for National Geographic News
A brilliant burst of light marking a dying star's final moments before exploding has been glimpsed by astronomers for the first time.
Called a shock breakout, the x-ray flash—detected in January—signals the destruction of a star several times more massive than our sun.
This "first light" is just the opening salvo of a larger supernova blast that tears the star apart from within.
"They come out at the moment the star cracks open," said study team member Alicia Soderberg, an astrophysicist at Princeton University in New Jersey.
Shock breakouts have been predicted for decades but are so short-lived that they have never been seen before.
The study authors think that future wide-field x-ray surveys could allow researchers to witness the starts of hundreds of supernovae each year.
The discovery could also be a boon to scientists searching for exotic phantom particles and ripples in space-time emitted when massive stars explode.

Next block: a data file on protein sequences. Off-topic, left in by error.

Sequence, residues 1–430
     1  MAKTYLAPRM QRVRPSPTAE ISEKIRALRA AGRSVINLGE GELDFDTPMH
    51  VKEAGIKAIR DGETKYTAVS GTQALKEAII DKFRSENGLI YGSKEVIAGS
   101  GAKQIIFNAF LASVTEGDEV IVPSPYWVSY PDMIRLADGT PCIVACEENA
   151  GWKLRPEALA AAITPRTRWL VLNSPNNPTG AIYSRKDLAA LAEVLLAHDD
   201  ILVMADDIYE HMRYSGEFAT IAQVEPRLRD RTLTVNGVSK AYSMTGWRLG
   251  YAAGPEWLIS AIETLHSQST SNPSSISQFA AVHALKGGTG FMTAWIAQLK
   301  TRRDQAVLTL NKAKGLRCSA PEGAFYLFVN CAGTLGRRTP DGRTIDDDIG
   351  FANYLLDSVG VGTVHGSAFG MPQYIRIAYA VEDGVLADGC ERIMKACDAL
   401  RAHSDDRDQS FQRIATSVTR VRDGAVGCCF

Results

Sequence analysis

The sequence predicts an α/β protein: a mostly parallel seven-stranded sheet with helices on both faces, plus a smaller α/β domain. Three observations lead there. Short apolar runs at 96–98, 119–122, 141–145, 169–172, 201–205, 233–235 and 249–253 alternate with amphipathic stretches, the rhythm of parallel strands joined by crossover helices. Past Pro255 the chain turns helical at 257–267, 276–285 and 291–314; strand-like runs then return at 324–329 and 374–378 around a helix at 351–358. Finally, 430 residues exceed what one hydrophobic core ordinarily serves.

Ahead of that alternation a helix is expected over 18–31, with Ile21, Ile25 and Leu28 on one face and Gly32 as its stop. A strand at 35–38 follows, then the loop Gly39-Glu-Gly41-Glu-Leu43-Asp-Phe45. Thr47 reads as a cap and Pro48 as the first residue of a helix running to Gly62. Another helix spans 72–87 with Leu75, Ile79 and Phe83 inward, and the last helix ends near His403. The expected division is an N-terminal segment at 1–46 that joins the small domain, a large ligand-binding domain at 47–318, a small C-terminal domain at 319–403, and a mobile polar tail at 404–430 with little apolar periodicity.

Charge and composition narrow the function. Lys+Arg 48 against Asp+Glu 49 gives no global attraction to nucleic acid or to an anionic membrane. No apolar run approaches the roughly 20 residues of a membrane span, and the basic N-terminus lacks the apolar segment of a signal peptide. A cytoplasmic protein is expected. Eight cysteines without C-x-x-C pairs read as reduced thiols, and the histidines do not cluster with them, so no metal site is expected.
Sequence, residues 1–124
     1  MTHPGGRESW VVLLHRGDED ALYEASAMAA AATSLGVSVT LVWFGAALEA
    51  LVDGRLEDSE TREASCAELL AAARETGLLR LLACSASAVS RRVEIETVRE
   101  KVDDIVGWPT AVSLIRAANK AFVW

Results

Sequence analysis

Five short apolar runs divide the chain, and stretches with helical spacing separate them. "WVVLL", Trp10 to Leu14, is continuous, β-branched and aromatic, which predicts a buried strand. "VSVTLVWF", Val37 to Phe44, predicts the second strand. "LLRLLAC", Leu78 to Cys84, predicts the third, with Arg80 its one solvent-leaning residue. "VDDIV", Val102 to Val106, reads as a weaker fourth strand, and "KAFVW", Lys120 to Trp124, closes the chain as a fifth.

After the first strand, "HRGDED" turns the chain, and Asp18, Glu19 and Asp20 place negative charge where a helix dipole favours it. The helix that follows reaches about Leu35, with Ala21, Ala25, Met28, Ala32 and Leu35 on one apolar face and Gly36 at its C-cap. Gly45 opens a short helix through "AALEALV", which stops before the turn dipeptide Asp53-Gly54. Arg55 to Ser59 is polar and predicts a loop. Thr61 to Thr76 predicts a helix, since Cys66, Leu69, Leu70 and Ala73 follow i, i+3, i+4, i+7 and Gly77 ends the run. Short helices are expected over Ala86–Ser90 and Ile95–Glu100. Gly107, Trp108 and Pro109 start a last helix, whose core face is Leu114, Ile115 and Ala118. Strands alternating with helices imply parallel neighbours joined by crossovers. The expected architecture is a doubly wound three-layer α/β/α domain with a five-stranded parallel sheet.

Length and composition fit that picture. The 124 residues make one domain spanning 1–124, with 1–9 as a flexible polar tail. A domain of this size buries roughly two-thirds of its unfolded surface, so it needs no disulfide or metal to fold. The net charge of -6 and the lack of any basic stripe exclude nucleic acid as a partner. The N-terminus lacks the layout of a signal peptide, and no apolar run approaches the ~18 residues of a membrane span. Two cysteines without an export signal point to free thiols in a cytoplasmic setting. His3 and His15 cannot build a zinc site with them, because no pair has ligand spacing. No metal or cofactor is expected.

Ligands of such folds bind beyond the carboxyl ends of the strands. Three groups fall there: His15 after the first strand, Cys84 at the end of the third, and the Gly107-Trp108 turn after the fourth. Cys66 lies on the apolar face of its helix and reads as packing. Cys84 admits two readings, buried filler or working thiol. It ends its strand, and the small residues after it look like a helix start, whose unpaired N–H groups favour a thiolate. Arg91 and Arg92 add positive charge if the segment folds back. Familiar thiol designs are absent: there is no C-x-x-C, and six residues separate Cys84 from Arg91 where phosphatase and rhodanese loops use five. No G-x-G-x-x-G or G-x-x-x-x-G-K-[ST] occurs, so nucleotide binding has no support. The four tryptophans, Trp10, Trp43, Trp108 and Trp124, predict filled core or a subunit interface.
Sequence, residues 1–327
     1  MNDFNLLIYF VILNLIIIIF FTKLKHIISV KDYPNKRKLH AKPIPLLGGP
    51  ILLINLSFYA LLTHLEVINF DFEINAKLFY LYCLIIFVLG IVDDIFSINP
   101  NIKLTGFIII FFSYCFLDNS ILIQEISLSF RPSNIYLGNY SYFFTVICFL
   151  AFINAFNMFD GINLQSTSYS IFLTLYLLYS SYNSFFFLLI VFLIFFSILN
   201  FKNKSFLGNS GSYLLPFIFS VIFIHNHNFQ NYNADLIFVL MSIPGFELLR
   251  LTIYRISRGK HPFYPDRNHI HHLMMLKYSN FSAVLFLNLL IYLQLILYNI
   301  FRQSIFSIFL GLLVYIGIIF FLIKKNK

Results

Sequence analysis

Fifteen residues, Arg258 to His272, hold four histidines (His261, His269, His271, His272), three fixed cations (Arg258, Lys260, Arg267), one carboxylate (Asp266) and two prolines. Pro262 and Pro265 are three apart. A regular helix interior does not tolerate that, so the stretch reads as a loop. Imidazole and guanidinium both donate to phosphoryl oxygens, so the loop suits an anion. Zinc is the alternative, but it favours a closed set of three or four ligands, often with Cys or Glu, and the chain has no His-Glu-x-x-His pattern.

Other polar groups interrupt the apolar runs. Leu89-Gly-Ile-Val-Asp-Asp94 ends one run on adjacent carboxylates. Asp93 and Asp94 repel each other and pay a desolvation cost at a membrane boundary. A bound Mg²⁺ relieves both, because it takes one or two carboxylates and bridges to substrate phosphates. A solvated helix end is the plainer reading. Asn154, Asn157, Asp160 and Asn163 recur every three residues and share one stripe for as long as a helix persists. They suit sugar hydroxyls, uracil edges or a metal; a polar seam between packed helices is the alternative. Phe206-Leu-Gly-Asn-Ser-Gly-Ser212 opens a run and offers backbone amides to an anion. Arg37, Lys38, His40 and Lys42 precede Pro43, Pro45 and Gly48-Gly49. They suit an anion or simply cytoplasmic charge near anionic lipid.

The research is detailed in the May 22 issue of the journal Nature.
Bouncy Neutron Stars
Stars that are eight times or more massive than our sun go supernova when they run out of nuclear fuel and collapse under their own weight, forming small, dense objects called neutron stars.
Like a squeezed rubber ball, a newborn neutron star compresses and then rebounds, generating a shock wave that ploughs through the star's outer gas envelopes and rips it apart.
A shock breakout occurs when the shock wave pierces the star's surface trailed by a torrent of x-rays heralding the supernova blast.
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